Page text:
Saving My Marriage
The scepter shall not depart from Judah, nor the ruler’s staff from between his feet, until tribute comes to him; and to him shall be the obedience of the peoples. Genesis 49:10
Addicted to drugs, I once hid my secret life from my wife and when it tore our lives apart, her trust in me was appropriately shattered. With our marriage an absolute mess, I went off to treatment, using my time away to seek God who began to transform me. When I got home, I felt that I’d found a lasting recovery, and I wanted my wife to see that too. Having experienced 15 years of empty apologies, meaningless promises, and relapses though, she remained unimpressed. She still felt betrayed, publicly shamed, and hurt. I said I was sorry, but I didn’t promise that I’d never relapse. She’d heard that before and she wouldn’t have believed it. If she was ever going to trust me again, she needed to see radical, permanent change.
So, I set out to live a different life. I got up early every morning to read, pray, meditate, and point my life at God. I started volunteering at jail. I went to recovery meetings. I threw myself into recovery, which was the right thing to do, but my wife remained appropriately skeptical. Based on my previous behavior, she believed I’d eventually return to my self-centered life within a few months. It took nearly two years of watching me seek a profoundly different life before she began to believe. Genuine repentance – honestly turning my life around – was the only thing that could save our marriage.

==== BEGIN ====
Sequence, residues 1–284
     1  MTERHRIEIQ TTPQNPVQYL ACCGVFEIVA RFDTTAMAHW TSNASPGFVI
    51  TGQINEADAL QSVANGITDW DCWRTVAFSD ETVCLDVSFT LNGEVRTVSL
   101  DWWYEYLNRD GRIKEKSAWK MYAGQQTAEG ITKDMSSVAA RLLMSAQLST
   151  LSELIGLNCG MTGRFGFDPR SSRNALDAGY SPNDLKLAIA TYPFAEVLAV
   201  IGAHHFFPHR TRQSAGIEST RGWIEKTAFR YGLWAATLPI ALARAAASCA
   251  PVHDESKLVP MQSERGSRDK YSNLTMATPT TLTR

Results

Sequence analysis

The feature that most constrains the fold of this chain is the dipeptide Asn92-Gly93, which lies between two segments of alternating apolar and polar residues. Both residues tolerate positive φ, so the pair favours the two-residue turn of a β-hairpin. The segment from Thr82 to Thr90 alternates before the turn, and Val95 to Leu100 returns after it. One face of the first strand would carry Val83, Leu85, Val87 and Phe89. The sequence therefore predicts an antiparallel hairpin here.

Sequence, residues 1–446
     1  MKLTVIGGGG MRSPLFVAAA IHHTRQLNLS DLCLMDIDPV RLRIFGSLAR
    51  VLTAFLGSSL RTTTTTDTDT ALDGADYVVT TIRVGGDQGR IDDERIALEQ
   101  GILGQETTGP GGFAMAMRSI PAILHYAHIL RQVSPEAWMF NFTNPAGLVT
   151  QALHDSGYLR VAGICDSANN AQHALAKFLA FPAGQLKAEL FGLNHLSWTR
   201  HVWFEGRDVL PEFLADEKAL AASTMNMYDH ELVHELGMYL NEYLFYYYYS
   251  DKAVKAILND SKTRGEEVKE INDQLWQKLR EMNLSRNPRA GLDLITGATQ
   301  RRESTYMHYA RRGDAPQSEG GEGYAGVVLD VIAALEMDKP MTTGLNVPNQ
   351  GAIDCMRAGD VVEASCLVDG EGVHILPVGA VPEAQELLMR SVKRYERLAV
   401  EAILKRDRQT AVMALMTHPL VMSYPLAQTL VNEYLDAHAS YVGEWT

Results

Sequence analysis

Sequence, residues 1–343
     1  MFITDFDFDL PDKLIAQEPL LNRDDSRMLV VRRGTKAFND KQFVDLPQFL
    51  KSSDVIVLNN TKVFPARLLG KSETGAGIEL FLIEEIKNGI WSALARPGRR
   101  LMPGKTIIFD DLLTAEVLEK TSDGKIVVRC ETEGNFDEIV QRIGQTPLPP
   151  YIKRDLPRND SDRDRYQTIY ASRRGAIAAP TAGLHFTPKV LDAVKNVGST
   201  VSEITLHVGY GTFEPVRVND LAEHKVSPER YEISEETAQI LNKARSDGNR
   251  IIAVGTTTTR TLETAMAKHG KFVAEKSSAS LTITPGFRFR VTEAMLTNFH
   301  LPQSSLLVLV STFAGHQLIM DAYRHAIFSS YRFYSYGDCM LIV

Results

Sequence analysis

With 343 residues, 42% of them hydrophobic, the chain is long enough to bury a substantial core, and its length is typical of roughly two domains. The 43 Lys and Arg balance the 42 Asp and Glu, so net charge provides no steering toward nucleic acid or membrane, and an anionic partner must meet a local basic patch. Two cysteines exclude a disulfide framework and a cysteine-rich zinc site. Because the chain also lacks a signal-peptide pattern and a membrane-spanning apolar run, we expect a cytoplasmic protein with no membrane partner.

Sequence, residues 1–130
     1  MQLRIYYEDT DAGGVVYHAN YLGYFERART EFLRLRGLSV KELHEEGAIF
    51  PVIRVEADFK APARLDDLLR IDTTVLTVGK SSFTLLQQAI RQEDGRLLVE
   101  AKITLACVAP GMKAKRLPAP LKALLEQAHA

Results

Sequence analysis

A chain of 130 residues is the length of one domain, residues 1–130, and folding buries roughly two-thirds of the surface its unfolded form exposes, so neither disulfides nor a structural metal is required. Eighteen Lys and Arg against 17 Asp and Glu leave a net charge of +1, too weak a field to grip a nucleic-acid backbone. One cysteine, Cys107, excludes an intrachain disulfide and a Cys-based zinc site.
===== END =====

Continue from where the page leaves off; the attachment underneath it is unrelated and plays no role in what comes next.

It was repentance, I think, that made the difference in the relationship between Judah and his father Jacob in today’s passage. In the story, Jacob was on his deathbed when he gathered his children for a final blessing or curse. He chastised his first three sons for sins committed years earlier. When he got to Judah however, he blessed him. Had Judah lived a perfect life? Hardly. Judah once slept with his daughter-in-law, mistaking her for a prostitute, and then, when he discovered she was pregnant, threatened to put her to death. When she revealed he was the father though, he confessed – She is more righteous than I (Genesis 38:26). It was Judah’s repentance that changed the course of his life, as he received a blessing instead of a curse from his father. It was from the descendants of Judah after all, that Jesus eventually was born.
Repentance is more than saying, I’m sorry. Those who’ve heard our empty apologies don’t need to hear that we feel bad again. They need to see radical change for the rest of our lives. If we’ve hurt our loved ones with our repetitive toxic behavior, then we must do whatever it takes to permanently turn our lives around. Genuine repentance is the only thing that can change our future and repair our relationships with those we love the most.